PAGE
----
Our two most recent zinc anodes haven't lasted 6 months.
They used to.
(1) Solar panels. (2) GFCI outlets. (3) A few small things.
The solar panels mean that we now generate power constantly. Constantly.
I added a Camp zinc grouper. This is 6 pounds of zinc, clipped to a grounded chainplate.
You can sort of see it hanging from its wire in this picture. It's a little grey blob down in the water.
I measured 37.5 mA of current flowing at 275 mV. This is about 0.01 W. This was in broad daylight, with batteries being charged. Current flow at night was comparable. It's not merely the solar panels, then. Also, it's DC, so it has nothing to do with the inverter or GFCI outlets.
There are some possible bonding/grounding issues. The shaft may not be electrically isolated from the engine; this is sometimes seen as a problem.
It could be stray current at the marina. That's a known (and common) problem.
I'm unsure on what I should be doing next. I'm starting by reading this:
Wow. Everything from Nigel Calder, Don Casey, and Beth Leonard in one fabulous summary.
Perhaps I need to be absolutely sure that my bonding between through-hulls and electrical system are cleanly separated. Or. Perhaps this:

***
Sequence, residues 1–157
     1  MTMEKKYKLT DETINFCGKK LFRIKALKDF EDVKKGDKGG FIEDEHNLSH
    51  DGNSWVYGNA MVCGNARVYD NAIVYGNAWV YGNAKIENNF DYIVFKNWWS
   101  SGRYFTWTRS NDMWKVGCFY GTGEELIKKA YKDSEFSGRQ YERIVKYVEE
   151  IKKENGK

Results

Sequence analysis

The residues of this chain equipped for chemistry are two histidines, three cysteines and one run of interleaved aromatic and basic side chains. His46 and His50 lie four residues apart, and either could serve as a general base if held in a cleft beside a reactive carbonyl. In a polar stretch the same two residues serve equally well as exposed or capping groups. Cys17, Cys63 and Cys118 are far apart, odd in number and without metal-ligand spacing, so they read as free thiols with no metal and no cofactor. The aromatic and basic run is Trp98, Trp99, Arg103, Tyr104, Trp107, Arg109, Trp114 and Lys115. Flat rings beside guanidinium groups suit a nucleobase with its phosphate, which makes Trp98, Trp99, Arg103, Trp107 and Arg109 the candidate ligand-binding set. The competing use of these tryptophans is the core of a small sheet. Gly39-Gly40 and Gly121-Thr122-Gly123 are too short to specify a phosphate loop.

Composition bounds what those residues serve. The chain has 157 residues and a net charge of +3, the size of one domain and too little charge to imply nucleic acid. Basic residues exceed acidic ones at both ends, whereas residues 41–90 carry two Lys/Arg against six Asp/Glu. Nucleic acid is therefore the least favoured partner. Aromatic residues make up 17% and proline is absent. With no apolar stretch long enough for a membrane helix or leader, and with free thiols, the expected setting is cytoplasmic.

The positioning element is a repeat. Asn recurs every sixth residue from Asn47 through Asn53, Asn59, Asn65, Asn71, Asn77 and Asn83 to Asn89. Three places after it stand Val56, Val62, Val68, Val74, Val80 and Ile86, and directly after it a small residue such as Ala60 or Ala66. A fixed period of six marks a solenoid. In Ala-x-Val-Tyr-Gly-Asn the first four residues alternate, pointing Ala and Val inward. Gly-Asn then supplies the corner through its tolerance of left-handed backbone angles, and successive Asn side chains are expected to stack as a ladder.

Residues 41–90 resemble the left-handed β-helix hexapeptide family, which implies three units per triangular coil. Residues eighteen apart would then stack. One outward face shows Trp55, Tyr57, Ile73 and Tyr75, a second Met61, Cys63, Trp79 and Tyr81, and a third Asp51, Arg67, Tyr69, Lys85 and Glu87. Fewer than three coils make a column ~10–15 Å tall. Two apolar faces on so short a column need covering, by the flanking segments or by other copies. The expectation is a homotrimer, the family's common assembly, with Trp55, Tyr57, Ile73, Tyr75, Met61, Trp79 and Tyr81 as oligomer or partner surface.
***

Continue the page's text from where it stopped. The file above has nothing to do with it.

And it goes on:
- Bonding – the original idea behind bonding was to put all underwater fittings at the same potential to stop galvanic corrosion. Unfortunately, this type of bonding invites more-destructive stray-current corrosion. Bonding is still intended to put fittings at the same potential, but today the purpose is to prevent side flashes from voltage differences in the event of a lightning strike. The rules for bonding are simple: bond all sizable metal components within 1.8m (6′) of mast or rigging to the mast ground, but do not bond any submerged metal (ground plate excepted). (Sailboat Electrics Simplified, p. 164)
From this it looks like the 1981 wiring plan was to bond all the bronze through-hulls and mast to a Dynaplate. The chainplates are part of this, even though they're not submerged.
The modern idea appears to be to disconnect all the bronze through-hulls from any dynaplate bonding.
The recent survey said that all of the bronze looked great: no signs of galvanic or stray-current corrosion. Since "it ain't broke" I hate to try and fix it by rewiring the grounding needlessly. The zinc was properly sacrificed to preserve the bronze, so that's working. It's just working at a higher rate than it used to.
At anchor — away from the marina — we measured the current flow just to be absolutely sure it wasn't anything to do with stray current at the marina.
I checked at just about sunset, panels producing almost no power. We had some interior lights on, the anchor light on, chart-plotter and radio. We were pulling about 1.4 A. This shows about 50 mA at 400 mV. More current. Higher voltage. Twice the power: 0.02 W.
Clearly, this is the DC electrical system ground that is flowing through the zinc fish. Perhaps the fish is a more efficient ground than the dynaplate? Perhaps there's some disconnection from the dynaplate?